The crisis has Prime Minister Tammam Salam in a corner. Although Salam has publicly stated his objections to Hezbollah’s positions and expressed solidarity with the Gulf countries, he realizes that Hezbollah’s participation in his government is providing the Shiite party cover because there is no alternative in the absence of a president. The group can therefore continue with its pro-Iranian policies and its conflict with the Gulf states, which are isolating Lebanon from the Arab countries.
Salam also knows that Hezbollah’s participation in the government is the reason behind the Gulf countries' actions. Why should they continue to support a state controlled by a component hostile to them. Dissolution of the government, which would have been the best solution if the country were not in the midst of a presidential vacuum, is not an option.
If Salam resigns, yes, it would remove Hezbollah's cover, but he would also be dismantling the last remaining, quasi-functioning state institution. Rashed Fayed, a media spokesman for the Future Movement, told Al-Monitor, “The current government is a constitutional necessity.” How could a new, neutral government, or any government, be formed without a president whose duty it is to hold consultations with the legislative branch before designating a new prime minister? Indeed, the prime minister’s resignation would expand the constitutional vacuum and open the door to a review of the Saudi-brokered Taif Agreement, perhaps resulting in the Sunnis' losing prerogatives they gained in the accord.
The March 14 camp, considered an ally of the Arab Gulf states, has proven itself incapable of confronting Hezbollah in a way satisfactory to these states, because it lacks a unified strategy. One March 14 member, Justice Minister Ashraf Rifi, chose to resign because of the government's inability to stand up to Hezbollah, especially in regard to the case of Michel Samaha, a former minister recently released from prison by a military court after being convicted of smuggling explosives from Syria and fomenting sectarian strife in Lebanon. Others, like the Lebanese Forces, had rejected forming a government with Hezbollah in the first place without a written guarantee the organization would only use its weapons by national consensus.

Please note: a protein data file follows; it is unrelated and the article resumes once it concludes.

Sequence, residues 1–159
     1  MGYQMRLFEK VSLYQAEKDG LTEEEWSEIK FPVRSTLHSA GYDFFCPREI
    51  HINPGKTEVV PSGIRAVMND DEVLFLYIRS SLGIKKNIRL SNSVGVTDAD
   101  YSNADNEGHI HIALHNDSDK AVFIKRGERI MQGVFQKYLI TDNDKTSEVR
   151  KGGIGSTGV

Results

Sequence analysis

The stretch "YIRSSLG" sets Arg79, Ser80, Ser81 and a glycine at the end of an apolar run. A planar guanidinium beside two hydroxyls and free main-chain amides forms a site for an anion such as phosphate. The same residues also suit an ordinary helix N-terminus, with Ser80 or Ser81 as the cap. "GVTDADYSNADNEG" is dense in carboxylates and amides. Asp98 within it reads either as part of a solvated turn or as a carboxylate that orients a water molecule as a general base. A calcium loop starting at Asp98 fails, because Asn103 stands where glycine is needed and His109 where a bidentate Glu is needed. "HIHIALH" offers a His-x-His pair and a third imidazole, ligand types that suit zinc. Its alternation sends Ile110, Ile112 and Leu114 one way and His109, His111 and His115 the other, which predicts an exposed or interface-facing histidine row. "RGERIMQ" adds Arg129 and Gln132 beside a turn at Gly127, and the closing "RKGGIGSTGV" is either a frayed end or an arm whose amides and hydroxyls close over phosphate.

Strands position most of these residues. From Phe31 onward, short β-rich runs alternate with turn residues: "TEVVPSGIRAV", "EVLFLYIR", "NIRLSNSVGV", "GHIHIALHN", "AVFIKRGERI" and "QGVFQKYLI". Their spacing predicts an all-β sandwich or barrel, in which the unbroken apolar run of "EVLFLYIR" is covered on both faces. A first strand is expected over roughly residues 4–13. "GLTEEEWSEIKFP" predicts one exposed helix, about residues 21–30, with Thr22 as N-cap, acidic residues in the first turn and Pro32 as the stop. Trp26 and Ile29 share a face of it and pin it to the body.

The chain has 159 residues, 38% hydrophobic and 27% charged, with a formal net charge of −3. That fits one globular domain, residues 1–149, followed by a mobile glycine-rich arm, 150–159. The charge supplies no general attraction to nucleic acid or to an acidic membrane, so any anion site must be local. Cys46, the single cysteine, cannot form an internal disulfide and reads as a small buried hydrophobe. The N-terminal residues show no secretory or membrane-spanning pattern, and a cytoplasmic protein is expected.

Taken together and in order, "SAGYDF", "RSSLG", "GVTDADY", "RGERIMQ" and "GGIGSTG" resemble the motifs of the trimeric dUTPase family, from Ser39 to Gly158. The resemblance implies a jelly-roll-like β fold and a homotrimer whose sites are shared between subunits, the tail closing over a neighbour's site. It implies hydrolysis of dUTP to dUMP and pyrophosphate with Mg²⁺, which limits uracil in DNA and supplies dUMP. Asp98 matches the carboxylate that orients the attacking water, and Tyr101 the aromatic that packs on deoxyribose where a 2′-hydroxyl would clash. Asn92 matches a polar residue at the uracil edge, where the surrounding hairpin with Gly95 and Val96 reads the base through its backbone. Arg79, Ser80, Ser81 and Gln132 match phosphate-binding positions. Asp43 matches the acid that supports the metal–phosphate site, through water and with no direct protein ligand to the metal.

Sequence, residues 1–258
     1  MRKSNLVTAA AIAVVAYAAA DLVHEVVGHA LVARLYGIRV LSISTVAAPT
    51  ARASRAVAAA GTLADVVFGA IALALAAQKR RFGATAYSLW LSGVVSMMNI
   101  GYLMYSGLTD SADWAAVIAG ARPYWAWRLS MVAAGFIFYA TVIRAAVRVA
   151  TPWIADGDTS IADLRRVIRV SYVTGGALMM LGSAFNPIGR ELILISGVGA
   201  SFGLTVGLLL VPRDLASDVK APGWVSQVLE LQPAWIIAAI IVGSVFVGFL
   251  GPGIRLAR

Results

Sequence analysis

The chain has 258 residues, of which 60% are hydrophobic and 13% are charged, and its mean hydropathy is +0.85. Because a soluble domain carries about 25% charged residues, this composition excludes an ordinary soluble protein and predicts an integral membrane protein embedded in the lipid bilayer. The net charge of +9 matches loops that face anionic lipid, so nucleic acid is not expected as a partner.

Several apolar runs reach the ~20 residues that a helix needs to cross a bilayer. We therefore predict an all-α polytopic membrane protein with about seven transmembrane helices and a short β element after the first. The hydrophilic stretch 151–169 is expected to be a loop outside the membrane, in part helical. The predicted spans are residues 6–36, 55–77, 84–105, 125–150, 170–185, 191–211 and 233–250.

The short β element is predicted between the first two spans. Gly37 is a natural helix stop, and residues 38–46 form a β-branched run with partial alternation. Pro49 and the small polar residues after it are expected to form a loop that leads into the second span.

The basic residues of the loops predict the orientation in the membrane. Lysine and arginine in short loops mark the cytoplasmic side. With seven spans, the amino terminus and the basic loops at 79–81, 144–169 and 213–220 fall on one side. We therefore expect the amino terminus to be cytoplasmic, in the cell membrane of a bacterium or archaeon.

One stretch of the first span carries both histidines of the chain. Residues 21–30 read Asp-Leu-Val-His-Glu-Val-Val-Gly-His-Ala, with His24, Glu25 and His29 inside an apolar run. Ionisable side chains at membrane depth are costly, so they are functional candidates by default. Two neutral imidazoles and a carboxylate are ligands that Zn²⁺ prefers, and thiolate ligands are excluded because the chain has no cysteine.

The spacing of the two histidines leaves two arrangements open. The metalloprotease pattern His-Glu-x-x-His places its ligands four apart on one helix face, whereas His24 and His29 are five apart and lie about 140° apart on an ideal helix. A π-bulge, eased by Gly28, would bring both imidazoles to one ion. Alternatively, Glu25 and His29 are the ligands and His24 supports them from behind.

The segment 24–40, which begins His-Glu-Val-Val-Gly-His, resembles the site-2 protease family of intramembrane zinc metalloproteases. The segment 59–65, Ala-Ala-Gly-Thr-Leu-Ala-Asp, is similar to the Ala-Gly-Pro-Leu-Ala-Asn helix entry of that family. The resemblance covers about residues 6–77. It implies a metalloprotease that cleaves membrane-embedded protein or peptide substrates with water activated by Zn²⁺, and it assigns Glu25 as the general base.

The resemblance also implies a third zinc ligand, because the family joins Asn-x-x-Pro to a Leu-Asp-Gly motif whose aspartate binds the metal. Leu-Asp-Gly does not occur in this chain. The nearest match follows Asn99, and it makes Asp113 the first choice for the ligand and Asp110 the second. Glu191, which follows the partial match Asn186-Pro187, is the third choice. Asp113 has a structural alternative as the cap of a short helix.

The presidential crisis has exacerbated disagreements within the March 14 camp. The alliance couldn't even agree on a presidential candidate from among its ranks. Furthermore, it endorsed the nomination of two candidates, Michel Aoun and Suleiman Franjieh, from among its rivals allied with Hezbollah, after failing to agree on a common strategy because of partisan considerations. This confirmed the prevailing impression that the March 14 camp is directionless, even surrendering to its opponents’ will and candidates.
All this puts the government in a difficult position. With two ministers from Hezbollah and six others from Hezbollah’s political bloc, how will the government deal with Arab countries that have labeled Hezbollah a terrorist organization? Given the emerging crisis with the Arab countries, how can the Future Movement, the largest party in the March 14 camp, justify to its Arab backers and allies the continuation of its ongoing dialogue with Hezbollah to ease the Sunni-Shiite sectarian divide? What is the point of maintaining the dialogue while the divide is deepening and being amplified by the recent crisis with the GCC countries?
Fayed concluded, “Gulf states and Western countries have their rightful reasons to classify Hezbollah as a terrorist organization, but things are different from our position as Lebanese. We reject most of the practices of Hezbollah and recognize their seriousness. We believe it threatens Lebanon's security. There is a part of the Lebanese people that still supports Hezbollah, and we cannot exclude [Hezbollah].”